Bankrupted for Solidarity
Ted Nesi reports:
The increase in the share of all Rhode Island workers belonging to a union posted an even more dramatic increase, jumping to 17.9 percent. …
In New England, no state had a larger share of workers in a union than Rhode Island. It was followed by Connecticut (17.3 percent), Massachusetts (16.6 percent), Vermont (12.3 percent), Maine (11.7 percent) and New Hampshire (10.8 percent).
The Labor Department also reported that the median weekly earnings of full-time wage and salary workers were $908 for union members last year, compared with $710 for employees not represented by a union.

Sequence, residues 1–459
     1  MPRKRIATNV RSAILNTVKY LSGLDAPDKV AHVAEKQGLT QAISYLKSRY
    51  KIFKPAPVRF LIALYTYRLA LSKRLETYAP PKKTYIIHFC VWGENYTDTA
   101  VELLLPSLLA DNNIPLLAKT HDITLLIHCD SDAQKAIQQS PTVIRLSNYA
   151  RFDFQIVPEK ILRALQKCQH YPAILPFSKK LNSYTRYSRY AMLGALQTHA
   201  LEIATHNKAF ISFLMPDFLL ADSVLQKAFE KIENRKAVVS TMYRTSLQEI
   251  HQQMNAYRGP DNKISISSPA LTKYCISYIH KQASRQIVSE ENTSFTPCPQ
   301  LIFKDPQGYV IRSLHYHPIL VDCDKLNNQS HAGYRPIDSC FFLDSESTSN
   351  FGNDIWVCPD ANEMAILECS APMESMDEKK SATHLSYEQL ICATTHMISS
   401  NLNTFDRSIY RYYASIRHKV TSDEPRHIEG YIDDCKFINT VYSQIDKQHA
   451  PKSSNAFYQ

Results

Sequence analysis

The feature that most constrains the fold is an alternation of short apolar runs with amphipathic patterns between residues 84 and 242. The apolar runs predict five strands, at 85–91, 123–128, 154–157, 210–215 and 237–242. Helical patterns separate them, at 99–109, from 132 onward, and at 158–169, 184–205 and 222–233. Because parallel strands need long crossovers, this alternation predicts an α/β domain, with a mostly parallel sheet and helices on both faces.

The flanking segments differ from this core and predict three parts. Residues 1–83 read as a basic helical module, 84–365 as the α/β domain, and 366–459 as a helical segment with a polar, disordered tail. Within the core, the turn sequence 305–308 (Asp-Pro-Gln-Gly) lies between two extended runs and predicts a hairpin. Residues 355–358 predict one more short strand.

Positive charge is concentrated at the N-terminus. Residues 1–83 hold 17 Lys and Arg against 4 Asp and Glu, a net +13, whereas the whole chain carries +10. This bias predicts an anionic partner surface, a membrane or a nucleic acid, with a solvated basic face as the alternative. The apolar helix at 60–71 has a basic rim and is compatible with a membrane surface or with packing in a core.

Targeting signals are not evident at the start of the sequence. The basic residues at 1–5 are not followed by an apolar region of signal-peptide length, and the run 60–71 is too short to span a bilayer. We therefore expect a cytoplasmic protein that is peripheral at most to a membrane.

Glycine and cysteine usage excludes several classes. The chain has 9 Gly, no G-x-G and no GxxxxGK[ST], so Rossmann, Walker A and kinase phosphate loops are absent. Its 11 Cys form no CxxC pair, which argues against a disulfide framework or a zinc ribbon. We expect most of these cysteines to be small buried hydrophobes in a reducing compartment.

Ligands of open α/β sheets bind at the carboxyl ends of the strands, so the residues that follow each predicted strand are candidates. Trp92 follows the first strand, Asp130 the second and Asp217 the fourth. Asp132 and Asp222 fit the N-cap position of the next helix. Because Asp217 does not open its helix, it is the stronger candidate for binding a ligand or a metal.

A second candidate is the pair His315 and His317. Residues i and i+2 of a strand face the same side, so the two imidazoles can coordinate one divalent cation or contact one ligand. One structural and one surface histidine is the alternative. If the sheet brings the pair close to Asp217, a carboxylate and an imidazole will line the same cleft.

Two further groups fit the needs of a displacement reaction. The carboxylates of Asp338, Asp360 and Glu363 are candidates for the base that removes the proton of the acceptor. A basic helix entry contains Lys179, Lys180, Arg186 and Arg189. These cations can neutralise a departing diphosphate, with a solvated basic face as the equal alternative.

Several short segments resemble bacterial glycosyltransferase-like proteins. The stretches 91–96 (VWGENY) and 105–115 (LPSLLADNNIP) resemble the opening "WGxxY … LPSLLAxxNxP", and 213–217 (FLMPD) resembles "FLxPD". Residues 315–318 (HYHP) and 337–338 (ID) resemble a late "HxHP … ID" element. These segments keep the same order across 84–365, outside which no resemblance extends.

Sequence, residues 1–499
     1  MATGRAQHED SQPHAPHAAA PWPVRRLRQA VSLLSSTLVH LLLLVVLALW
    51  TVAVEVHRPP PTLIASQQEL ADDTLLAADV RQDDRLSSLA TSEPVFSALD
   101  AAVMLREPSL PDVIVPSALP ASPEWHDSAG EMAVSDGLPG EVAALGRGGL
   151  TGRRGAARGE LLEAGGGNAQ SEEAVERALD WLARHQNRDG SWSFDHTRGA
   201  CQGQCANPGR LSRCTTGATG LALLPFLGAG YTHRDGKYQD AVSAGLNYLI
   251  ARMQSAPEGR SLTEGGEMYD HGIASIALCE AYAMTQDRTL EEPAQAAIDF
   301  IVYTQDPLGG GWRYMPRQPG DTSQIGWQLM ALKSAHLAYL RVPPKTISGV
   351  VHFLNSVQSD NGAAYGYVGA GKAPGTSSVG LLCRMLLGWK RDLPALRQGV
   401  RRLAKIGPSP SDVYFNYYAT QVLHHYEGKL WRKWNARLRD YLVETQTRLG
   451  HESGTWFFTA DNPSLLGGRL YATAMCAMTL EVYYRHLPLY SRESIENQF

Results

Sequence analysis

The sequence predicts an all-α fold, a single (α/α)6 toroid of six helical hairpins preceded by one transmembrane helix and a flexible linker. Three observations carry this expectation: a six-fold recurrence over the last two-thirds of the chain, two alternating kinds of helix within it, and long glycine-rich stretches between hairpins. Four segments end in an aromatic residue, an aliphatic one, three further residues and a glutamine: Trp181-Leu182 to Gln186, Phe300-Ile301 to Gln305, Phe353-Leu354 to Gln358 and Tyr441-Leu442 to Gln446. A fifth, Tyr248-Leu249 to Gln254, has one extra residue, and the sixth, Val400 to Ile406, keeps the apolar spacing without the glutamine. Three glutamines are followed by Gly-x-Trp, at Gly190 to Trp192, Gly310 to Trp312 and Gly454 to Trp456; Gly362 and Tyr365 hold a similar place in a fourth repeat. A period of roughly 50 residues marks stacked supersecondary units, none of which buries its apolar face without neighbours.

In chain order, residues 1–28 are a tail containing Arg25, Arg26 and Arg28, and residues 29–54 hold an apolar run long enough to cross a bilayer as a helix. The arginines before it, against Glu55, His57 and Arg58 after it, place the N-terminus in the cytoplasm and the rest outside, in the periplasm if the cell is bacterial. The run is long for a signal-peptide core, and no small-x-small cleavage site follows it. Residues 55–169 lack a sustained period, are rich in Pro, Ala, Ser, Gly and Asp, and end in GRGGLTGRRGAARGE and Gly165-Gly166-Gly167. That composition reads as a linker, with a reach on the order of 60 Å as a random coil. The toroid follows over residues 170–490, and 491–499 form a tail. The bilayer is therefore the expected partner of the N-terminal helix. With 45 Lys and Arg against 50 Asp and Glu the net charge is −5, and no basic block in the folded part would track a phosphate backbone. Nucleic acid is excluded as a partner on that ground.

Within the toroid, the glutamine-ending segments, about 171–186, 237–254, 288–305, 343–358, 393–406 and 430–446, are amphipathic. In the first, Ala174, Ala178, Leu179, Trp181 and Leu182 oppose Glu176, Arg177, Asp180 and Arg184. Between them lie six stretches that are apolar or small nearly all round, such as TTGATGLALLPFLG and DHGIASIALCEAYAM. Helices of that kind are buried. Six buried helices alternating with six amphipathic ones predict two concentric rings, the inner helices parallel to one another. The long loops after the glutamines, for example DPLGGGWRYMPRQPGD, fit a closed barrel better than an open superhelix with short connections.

Given that a majority of union workers are now employed by government, the declining pool of non-union workers is increasingly having to fund the livelihoods of their better-paid neighbors. Moreover, with unions by definition highly organized, where public policy is apt to lean in their favor, in opposition to the private sector, especially within the public sphere, where market forces apply only weakly.